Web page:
Monita Pesumal checks the highs and lows of an African nation located along the Red Sea corridor

The state of Eritrea lies in northeast Africa along a peninsula known in pop culture as the Horn of Africa. It shares borders with Ethiopia, Sudan and Djibouti. And in case you hadn’t heard of this nation before, that’s probably because it used to be part of Ethiopia.

But following a 30 year war against the former’s military regime, Eritrea attained de facto independence in May 1991 and de jure freedom in 1993.

In the initial years after gaining its liberty, impressive progress was recorded in rehabilitating the country’s basic infrastructure. This improved social indicators, macroeconomic stability and economic growth. According to data from the World Bank, Eritrea’s economy grew at an annual average rate of 10.9 percent between 1993 and 1997.

However, before the country could rise on its feet and forge full steam ahead into development, another border conflict broke out in 1998 – and for two years thereafter, Eritrea and Ethiopia engaged in a bitter war in which 100,000 people are estimated to have lost their lives.

At the height of the war, Eritrea was home to the second largest number of people (after Syria) looking to migrate to Europe. One in 10 of all prospective immigrants to Europe were Eritrean with the UN estimating that around 4,000 people left the country every month to flee conscription.

Under pressure from the UN, Ethiopia and Eritrea reestablished diplomatic relations in July last year, and signed a peace declaration in Asmara.

Today, Eritrea remains one of the least developed countries in the world. Poverty is rampant and 65 percent of the population live in rural areas. A third of the nation’s GDP is made up of remittances sent from Eritreans working in Europe and the Middle East.

Industry and services comprise a majority of the remaining GDP while agriculture contributes only 13 percent to it despite employing 80 percent of the population. Moreover, 80 percent of the people depend on subsistence farming for their survival but owing to persistent droughts, and rocky and mountainous terrain, only 12 percent of the nation’s land is suitable for farming.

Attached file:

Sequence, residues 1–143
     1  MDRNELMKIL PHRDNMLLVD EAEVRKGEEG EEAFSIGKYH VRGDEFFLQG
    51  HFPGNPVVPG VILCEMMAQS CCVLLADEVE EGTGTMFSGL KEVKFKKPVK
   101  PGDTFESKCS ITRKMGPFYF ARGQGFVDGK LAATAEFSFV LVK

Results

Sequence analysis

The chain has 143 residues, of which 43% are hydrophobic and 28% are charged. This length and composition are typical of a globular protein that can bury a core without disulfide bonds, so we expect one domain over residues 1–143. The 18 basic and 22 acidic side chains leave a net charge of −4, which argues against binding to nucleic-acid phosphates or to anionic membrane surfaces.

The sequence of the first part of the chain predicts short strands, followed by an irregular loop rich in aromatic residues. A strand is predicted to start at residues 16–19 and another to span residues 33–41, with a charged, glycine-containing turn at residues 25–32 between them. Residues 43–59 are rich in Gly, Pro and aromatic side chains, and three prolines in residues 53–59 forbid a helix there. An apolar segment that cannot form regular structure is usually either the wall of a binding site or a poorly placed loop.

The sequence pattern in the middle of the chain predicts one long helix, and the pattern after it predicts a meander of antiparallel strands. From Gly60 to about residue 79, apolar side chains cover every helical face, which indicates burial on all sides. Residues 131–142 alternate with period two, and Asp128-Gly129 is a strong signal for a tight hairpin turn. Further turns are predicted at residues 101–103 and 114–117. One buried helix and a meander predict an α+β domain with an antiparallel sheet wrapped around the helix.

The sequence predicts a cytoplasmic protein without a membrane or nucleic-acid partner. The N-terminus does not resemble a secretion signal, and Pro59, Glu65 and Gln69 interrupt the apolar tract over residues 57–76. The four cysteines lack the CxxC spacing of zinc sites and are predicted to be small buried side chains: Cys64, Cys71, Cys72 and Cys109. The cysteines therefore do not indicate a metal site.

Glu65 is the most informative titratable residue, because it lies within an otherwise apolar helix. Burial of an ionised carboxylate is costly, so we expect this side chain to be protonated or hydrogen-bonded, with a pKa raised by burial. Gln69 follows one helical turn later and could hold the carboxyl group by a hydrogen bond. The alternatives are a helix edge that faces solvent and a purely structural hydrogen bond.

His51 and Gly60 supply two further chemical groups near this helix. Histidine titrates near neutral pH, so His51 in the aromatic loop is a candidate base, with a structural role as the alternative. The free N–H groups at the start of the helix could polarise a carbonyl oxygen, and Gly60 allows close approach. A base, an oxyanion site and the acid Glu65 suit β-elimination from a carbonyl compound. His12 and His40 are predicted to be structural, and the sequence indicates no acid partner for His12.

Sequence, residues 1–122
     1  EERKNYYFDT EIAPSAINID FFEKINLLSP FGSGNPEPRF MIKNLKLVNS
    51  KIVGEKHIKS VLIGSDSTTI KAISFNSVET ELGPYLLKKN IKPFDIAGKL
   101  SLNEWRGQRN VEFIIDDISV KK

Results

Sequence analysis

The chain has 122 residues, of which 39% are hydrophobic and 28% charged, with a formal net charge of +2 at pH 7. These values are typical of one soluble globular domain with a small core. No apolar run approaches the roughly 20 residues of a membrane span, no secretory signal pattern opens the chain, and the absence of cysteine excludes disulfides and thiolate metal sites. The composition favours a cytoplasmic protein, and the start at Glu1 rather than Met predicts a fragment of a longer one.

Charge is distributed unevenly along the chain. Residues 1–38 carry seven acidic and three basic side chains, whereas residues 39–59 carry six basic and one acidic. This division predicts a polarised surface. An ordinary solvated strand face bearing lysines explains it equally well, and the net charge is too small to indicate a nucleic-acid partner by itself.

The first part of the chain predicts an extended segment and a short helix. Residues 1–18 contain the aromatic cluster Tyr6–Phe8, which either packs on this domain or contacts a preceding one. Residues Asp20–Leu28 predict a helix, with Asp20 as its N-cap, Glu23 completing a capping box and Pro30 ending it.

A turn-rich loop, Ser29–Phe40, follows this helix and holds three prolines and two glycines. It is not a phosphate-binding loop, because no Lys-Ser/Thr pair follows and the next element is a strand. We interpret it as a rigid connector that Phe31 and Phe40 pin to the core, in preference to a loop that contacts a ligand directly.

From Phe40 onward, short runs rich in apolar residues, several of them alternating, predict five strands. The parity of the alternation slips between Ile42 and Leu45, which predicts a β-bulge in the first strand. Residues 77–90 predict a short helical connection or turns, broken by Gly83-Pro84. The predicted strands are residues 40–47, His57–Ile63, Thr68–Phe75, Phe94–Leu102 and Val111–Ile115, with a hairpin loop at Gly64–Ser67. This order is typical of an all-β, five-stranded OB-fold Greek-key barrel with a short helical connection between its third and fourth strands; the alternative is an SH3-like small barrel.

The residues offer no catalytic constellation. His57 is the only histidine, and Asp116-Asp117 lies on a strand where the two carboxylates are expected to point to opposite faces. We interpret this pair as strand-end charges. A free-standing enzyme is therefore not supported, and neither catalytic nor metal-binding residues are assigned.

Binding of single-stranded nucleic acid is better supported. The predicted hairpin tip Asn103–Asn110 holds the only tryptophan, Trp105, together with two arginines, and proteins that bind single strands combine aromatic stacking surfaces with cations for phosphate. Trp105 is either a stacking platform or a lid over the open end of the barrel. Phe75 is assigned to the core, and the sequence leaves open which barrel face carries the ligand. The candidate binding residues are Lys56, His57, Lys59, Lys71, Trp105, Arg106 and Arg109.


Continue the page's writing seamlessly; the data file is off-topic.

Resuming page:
This is in spite of Eritrea’s natural resources including abundant mineral deposits such as gold, copper, potash, zinc, oil, natural gas, cement, gypsum, granite, marble, ceramic, limestone and iron ore.

Almost 70 percent of the land is covered by the greenstone belt of Eritrea, which has deposits of precious metals and volcanogenic massive sulphide (VMS). For example, the Asmara project – a group of four deposits in the outskirts of the capital – holds 574,000 tonnes of copper, 930,000 ounces of gold and 1.2 million tonnes of zinc, according to The Africa Report. As such, the government is actively looking to develop the mining sector and kick-start the economy.

Eager to get its claws into the continent, China’s Sichuan Road & Bridge Mining Investment Development Corp. has ambitious plans to commence copper, zinc, gold and silver production this year.

Some 60 percent of the Asmara Mining Share Company belongs to a Chinese investor while the Eritrean government owns the remainder. The mine is expected to have a lifespan of 17 years, producing an estimated 381,000 metric tons of copper, 850,000 tons of zinc, 436,000 ounces of gold and 11 million ounces of silver, according to a Bloomberg report.

Currently, Eritrea operates two producing mines: Bisha, which produces gold, copper and zinc, and is 60 percent owned by Nevsun Resources; and the Zara goldmine in which another Chinese firm – China Sfeco Group – also has a 60 percent stake.

Likewise, the Colluli potash mine, jointly owned by the state mining company and Australia’s Danakali, is poised to be a game changer for the poverty-stricken country. Located on the border with former arch-rival Ethiopia, Colluli is said to contain at least 1.1 billion tonnes of potash, which is enough for at least 200 years of production.

Eritrea’s President Isaias Afwerki was once described by the BBC as being both charismatic and brutal. Referred to as a renaissance African leader, the 73-year-old Isaias remains the only president the country has known. Public opinion about him is split; on the one hand, he is known as a dictator and on the other, to be inspirational.

However, he’s beginning to normalise relations with Eritrea’s neighbours cum rivals.

Firstly, he established diplomatic ties with Somalia in July 2018 following a decade and more of animosity. During the bitter war, Eritrea was accused of backing Islamist militants in Somalia seeking to overthrow its government – a charge the former denied.

Then the border between Ethiopia and Eritrea reopened in September.

The sudden freedom of movement has led to an exodus of asylum seekers crossing into Ethiopia in search of a new life. There are now a reported 175,000 Eritrean refugees in Ethiopia.

Sudan’s president announced in January that his country would reopen its border with Eritrea, which it closed a year ago because of fears of weapons trafficking.